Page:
Steven Barnes

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Steven Barnes
Born (1952-03-01) March 1, 1952 (age 70)
Los Angeles, California, United States
SpouseTananarive Due

Steven Barnes (born March 1, 1952) is an American science fiction, fantasy, and mystery writer. He has written novels, short fiction, screen plays for television, scripts for comic books, animation, newspaper copy, and magazine articles.


Barnes wrote several episodes of The Outer Limits and Baywatch. His "A Stitch In Time" episode of The Outer Limits won an Emmy Award. He also wrote the episode "Brief Candle" for Stargate SG-1 and the Andromeda episode "The Sum of Its Parts". Barnes's first published piece of fiction, the 1979 novelette "The Locusts", was written with Larry Niven, and was a Hugo Award nominee.[1][2] Barnes subsequently collaborated with Niven on several other books, including two books with both Niven and Jerry Pournelle. Barnes said he clashed politically with the two conservative writers but enjoyed working with them, calling it "a tremendous learning opportunity".[3]

Barnes's alternate history novel Lion's Blood won the 2003 Endeavour Award. His 2004 Star Wars tie-in novel The Cestus Deception was a New York Times bestseller.

Together with his wife, Tananarive Due, and actor Blair Underwood, Barnes won the 2009 NAACP Image Award for outstanding Literary Work - Fiction for In the Night of the Heat: A Tennyson Hardwick Novel.[4]

Early life and education[edit]

Barnes, was born on March 1, 1952 in Los Angeles, California. He has had a varied education, including a secondary education at Los Angeles High School. He continued at Pepperdine University, majoring in Communication Arts.[5]

Personal life[edit]

Barnes is married to Tananarive Due, a writer.[3] The couple live in Los Angeles and host a video blog together. They also taught a course together at UCLA called "The Sunken Place: Racism, Survival & Black Horror" that experienced a surprise visit from Get Out director Jordan Peele. The course is now available as a webinar.[6] Barnes has a daughter from his first marriage and a son from his current marriage.

Barnes is also an avid practitioner of martial and physical arts. He began studying in 1969.[5] He is a black belt in Kenpo Karate (BKF style), and Kodokan Judo. He holds an instructor certificate in Wu Ming Ta, and has an instructor candidate ranking in Filipino Kali stick and knife fighting. He is an advanced student in Jun Fan kickboxing (Bruce Lee method under Dan Inosanto), and is an instructor in Wu-style t'ai chi ch'uan under Hawkins Cheung.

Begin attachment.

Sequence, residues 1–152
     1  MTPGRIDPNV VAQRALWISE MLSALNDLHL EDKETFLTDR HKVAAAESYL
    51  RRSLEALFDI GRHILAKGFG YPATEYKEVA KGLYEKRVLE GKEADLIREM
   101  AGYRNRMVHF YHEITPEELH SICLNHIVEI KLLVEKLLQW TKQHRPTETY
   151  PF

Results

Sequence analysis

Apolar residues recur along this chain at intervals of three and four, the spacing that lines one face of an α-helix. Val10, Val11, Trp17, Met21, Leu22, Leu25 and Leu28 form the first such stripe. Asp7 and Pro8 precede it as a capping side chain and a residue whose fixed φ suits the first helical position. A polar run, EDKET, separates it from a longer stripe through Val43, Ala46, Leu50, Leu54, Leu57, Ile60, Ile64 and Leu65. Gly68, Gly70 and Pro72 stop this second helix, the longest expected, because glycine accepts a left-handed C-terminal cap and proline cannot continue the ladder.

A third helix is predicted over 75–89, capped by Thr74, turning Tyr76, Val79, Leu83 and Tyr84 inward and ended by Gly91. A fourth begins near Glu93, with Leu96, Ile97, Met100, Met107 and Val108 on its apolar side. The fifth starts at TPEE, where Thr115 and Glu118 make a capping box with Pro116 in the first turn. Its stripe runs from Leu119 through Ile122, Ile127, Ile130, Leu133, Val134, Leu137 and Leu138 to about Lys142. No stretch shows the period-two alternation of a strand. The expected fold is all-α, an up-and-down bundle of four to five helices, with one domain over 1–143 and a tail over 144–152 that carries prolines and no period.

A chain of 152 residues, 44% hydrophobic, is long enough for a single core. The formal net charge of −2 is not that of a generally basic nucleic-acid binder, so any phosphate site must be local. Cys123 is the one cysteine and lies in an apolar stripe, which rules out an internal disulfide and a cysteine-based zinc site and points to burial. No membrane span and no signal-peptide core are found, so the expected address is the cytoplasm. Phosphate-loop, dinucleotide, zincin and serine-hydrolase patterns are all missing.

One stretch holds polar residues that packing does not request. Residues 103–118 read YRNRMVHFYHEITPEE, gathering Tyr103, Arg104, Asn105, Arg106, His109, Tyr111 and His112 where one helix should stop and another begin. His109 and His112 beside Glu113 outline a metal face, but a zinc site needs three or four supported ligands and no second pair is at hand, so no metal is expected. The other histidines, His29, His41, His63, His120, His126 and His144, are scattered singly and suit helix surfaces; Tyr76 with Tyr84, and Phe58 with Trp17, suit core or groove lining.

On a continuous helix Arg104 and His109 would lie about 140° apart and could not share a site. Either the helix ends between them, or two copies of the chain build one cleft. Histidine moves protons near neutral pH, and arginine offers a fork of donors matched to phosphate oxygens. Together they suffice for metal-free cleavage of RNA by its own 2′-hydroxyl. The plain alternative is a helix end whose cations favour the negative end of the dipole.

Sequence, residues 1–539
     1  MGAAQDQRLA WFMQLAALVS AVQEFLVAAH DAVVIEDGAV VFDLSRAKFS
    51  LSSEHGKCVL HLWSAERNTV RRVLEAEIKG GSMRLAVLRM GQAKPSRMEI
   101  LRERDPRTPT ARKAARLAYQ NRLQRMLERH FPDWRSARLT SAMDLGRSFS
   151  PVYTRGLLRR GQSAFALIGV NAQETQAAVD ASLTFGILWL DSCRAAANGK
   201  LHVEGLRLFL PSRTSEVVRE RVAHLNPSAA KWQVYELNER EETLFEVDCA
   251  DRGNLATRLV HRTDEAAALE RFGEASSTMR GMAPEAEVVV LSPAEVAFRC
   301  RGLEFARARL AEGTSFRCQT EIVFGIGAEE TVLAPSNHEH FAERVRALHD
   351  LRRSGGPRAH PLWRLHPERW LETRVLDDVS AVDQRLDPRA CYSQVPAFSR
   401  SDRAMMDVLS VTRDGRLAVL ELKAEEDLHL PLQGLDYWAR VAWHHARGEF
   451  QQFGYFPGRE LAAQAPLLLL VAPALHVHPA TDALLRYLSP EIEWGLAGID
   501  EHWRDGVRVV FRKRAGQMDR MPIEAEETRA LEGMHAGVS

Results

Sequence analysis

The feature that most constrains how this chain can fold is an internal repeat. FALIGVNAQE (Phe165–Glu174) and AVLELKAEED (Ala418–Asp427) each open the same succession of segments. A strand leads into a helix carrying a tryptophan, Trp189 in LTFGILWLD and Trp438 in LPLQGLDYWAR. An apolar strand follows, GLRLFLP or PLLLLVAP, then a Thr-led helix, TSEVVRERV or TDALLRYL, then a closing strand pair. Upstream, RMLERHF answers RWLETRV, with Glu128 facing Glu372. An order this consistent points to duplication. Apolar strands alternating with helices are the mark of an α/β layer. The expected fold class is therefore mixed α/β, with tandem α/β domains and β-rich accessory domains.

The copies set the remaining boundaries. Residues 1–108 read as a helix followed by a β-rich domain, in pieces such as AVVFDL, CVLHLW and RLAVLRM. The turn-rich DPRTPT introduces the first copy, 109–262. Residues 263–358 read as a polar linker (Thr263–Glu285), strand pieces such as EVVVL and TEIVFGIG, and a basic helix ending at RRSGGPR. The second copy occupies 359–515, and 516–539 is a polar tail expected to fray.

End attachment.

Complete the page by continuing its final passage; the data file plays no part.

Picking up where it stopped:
He is an intermediate student in self-defense pistol shooting (preferring the Turnipseed modified Weaver method). He holds a brown belt in Shorenji Jiu Jitsu, and intermediate rankings in Tae Kwon Do and Aikido. He completed the Yoga Works basic Hatha Yoga instructor program; is studying Pentjak Silat (an Indonesian fighting system) with Guru Stevan Plinck, and Ashtanga Yoga, an aerobic form of yoga.


  • The Dream Park series:
    • Dream Park (1981; with Larry Niven)
    • The Barsoom Project (1989; with Larry Niven)
    • The California Voodoo Game (1992; with Larry Niven)
    • The Moon Maze Game (2011; with Larry Niven)
  • The Aubry Knight series:
    • Street Lethal (1983)
    • Gorgon Child (1989)
    • Firedance (1993)
  • The Heorot series:
  • The Insh'Allah series:
  • The "Ibandi" series:
    • Great Sky Woman (2006)
    • Shadow Valley (2009)
  • The Tennyson Hardwick Novels:
    • Casanegra (2007; with Blair Underwood and Tananarive Due)
    • In the Night of the Heat (2008; with Blair Underwood and Tananarive Due)
    • From Cape Town with Love (2010; with Blair Underwood and Tananarive Due)
    • South by Southeast (September 2012; with Blair Underwood and Tananarive Due)
  • Stand-alone novels, screenplays, and other works:
  • Short stories
    • "The Woman in the Wall" (2000; novelette)
    • "Danikil", Whose Future Is It? (2018)[7]


  1. ^ Award nominees Archived 2009-11-20 at the Wayback Machine
  2. ^ interview
  3. ^ a b Interview: Steven Barnes Archived 2013-10-08 at the Wayback Machine, by Greg Beatty. Strange Horizons, July 29, 2002. Retrieved August 31, 2013
  4. ^ ‘Bees’ big at NAACP Image Awards, by N'neka Hite. Variety, February 12, 2009. Accessed 7-25-2019
  5. ^ a b Steven Barnes: White & Black. Locus Magazine; vol/issue 50/3[506] 2003. Pages 84-86. (excerpts)
  6. ^ "Tananarive Due and Steven Barnes on Jamming with Stephen King and the Enduring Power of Genre Writing", Consequence of Sound, March 29, 2019
  7. ^ "Steven Barnes" in Cellarius Stories, Volume 1, ch. 10. Cellarius, Ed., New York: 2018, ISBN 978-1-949688-02-3.

External links[edit]